.... So the back-end takes all the information from the mobile phones and creates the bullet chat rendering, as a video, and the video is sent to the video wall?

Song: Yes, that's one possible mechanism.

Pierre: In that case there is no need for a bullet format, because the output of the back-end is a video stream that has the bullet chat composited,
.... and the input to the back-end is the user's typing.

Chris: My understanding was that these were delivered separately, so there's a client that does the compositing
.... and we're not rendering the bullet chat into the video, it's an overlay..

Pierre: The experience is being displayed on the video wall in the venue,
.... and the interface between the back-end server and the interactive wall is a video stream, not a bullet chat format?

Chris: So the question is: what is the device / app that renders to the interactive wall?

Pierre: Yes, if the video wall has a native bullet chat renderer, then I can see we need an interchange format to present the same interface to video walls from different vendors.

Kaz: So you're asking what's sent to the video wall, (1) separately or (2) integrated on the wall device.

Pierre: It would be good to understand this level of technical detail in the use case study.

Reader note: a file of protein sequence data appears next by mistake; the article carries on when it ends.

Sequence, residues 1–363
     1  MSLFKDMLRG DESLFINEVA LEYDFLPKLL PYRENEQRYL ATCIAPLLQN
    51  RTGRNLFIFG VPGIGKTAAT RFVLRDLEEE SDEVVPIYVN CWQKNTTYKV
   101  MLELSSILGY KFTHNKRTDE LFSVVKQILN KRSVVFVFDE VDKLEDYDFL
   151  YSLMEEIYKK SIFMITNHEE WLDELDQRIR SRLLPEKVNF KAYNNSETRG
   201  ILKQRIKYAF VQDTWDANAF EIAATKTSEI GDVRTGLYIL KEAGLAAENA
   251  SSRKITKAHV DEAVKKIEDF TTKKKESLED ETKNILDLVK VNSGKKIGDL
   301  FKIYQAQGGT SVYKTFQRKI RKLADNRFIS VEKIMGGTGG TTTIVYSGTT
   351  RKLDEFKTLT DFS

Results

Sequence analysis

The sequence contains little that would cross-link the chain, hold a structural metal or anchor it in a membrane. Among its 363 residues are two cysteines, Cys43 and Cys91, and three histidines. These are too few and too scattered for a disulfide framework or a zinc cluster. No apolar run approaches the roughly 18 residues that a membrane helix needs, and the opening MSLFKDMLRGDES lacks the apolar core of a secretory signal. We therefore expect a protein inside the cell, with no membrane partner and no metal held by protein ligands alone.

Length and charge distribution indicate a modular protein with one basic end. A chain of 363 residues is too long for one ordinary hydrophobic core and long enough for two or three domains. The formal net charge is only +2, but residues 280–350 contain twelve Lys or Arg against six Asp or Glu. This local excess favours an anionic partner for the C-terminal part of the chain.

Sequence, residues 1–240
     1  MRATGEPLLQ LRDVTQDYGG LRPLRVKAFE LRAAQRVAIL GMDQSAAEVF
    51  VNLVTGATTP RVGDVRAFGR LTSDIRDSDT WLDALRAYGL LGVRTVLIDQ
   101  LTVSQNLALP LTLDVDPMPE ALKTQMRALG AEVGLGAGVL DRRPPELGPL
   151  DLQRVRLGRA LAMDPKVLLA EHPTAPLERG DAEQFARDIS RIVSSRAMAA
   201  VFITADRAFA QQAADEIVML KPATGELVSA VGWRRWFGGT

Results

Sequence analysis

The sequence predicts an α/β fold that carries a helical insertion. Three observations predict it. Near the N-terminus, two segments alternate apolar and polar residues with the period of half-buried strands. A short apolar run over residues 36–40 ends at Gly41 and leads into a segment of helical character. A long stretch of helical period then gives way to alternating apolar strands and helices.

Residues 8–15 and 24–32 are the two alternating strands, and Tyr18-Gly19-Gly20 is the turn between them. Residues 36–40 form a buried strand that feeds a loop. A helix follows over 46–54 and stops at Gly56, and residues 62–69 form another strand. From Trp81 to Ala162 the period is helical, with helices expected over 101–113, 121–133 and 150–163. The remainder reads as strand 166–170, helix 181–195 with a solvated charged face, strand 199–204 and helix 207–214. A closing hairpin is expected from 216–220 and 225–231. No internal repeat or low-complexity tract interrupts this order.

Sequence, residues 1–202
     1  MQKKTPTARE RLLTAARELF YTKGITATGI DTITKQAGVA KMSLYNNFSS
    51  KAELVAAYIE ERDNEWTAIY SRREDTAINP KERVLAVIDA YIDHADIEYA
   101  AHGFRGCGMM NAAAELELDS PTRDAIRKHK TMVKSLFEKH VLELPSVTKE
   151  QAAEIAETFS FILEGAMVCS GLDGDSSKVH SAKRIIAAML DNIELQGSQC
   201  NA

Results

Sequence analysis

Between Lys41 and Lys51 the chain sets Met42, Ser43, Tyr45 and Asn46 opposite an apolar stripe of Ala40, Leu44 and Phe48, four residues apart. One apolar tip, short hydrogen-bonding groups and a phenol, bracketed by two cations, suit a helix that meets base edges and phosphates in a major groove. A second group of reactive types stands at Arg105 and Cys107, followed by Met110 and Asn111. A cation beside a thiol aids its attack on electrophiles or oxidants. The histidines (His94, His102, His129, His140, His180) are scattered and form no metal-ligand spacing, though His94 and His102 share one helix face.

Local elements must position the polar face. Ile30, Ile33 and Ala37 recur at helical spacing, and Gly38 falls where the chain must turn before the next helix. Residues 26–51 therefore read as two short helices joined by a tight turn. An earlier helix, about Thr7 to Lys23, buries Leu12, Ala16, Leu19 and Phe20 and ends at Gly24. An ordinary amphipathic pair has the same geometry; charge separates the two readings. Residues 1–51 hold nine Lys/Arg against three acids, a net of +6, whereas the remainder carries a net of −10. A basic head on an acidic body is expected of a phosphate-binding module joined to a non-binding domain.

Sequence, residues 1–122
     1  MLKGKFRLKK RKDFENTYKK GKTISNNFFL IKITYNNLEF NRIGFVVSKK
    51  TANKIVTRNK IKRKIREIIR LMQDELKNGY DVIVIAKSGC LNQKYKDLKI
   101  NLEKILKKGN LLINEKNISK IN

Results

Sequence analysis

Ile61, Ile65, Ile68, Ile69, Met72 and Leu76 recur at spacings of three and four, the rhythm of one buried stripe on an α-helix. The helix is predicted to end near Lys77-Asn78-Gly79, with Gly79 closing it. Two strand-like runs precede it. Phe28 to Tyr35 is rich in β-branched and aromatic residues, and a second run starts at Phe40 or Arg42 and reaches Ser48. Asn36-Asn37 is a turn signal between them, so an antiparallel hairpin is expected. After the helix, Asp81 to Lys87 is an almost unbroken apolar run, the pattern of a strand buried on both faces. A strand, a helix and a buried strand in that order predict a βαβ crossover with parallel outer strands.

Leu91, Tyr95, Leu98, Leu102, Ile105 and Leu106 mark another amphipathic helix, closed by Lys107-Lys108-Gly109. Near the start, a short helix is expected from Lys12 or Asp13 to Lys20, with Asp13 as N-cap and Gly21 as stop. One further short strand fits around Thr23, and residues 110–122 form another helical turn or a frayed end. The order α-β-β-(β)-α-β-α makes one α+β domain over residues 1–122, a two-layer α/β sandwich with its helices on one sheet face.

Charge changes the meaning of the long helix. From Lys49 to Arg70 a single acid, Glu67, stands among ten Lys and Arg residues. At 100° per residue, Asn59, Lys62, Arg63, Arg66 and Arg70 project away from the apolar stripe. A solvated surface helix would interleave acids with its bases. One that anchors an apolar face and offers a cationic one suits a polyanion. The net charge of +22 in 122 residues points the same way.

Kaz: I suggest we, the Bullet Chat TF, should clarify when/who/what data is to be transferred within the use case description.

Song: Yes, we'll break down the steps in the interactive wall use case.
.... Let's continue with the next question.

https://lists.w3.org/Archives/Public/public-web-and-tv/2020Jan/0001.html Nigel's question

Nigel: Is there a requirement for a common interchange format for bullet chats that works interoperably across multiple applications?
.... If you have multiple client tools that allow people to enter bullet chats, and the data then needs to be sent to multiple pages running a standardised compositing system, especially when it's running in a web page rather than on a server, then I can understand the need for a common interchange format.